ERP and Business Process: A Chance to Make Repairs

One of the largest forfeitures of ERP value is the missed opportunity to repair illogical business processes. I am using the term “illogical business processes” here to refer to two separate business practices that co-exist perfectly well in a legacy environment, but are logically incompatible in an ERP environment.

Different Versions of the Same Story

One example that doesn’t seem emotional or threatening to anyone is the practice of each function having a separate and stand-alone forecast. It is possible in a legacy environment for every function to have a different forecast because every function has a different support system. My assertion that this is illogical is based on the assumption that (a) anticipating the future with reasonable accuracy is a required skill of any successful business and (b) an organization in which every functional area is empowered to envision and plan for a different version of the future cannot be aligned, and can only optimize performance by accident. If my sales forecast depends on tripling sales of product A, but your production forecast only forecasts doubling product A because that is all there is capacity to make, and our mutual friend in purchasing forecasts no increase in the components for product A, how likely is product A to achieve its financial goals? And of course, from an accountability standpoint, this is a black hole; everybody executed their job according to expectations, but the organization failed.

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Every ERP implementation will turn up a few of these business processes. It may be a delivery service promise that is incompatible with inventory policy, or a performance guarantee that is incompatible with existing quality performance. The point is, when these problems become apparent, who in the organization is responsible for fixing them?

Changing the World is Hard

Unfortunately, if the answer is “the ERP implementation team”, then that is the worst possible choice. The reasons this happens are why value is left on the table. The first reason is that there is a certain vanity among executives causing them to dismiss problems with existing business process design; after all, they reason, if it were important, they would have already known about it and fixed it. The second reason is that even if someone will acknowledge it and own it, it’s just incredibly hard work to fix it. These practices evolve because people perceive the cure is worse than the disease, and leadership has to work hard to change that perception. The last reason is that often, leadership does not understand the details of operating the business sufficiently to lead intelligent discussion about resolving business process issues with ERP.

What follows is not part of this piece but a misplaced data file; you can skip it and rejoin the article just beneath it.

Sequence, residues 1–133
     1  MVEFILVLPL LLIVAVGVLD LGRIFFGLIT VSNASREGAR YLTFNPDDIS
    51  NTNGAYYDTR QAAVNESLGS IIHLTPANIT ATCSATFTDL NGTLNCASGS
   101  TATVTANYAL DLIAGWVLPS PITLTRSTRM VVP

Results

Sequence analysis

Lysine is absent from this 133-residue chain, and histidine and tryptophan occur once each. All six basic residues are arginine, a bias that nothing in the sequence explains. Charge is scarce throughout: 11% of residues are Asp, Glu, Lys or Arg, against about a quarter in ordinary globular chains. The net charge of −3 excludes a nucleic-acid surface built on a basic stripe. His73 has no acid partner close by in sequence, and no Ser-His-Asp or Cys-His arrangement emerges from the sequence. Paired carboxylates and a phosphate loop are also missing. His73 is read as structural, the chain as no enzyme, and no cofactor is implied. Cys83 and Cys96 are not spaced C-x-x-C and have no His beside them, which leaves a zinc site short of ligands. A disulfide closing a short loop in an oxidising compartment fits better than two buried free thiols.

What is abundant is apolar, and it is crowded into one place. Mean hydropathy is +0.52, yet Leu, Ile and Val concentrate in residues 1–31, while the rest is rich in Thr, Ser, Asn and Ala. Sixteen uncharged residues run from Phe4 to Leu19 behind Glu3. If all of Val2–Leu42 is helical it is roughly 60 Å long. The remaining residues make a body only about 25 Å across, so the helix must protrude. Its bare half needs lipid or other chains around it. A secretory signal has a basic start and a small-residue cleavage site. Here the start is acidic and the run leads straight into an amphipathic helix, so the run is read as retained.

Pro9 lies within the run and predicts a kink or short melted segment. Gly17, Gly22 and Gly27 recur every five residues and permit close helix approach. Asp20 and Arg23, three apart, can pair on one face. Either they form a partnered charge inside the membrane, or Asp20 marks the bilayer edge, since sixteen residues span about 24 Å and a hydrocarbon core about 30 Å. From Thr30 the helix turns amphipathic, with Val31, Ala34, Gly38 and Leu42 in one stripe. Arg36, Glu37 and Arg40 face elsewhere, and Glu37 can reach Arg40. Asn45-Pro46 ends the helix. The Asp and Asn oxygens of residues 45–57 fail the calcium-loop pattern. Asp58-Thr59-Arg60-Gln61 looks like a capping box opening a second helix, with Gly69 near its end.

The reason the ERP implementation team is the worst choice is because they can’t fix anything; they can only figure out ways to get around or discard one or more illogical legs. However, that just leads to the organization blaming the ERP system’s short-comings; “the new ERP system won’t let us…”

Are you leaving value on the table? Have you ever asked your ERP implementation team if they are encountering illogical business practices? Ask. You may be surprised by the answer.

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Tom Stephenson

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Tom Stephenson

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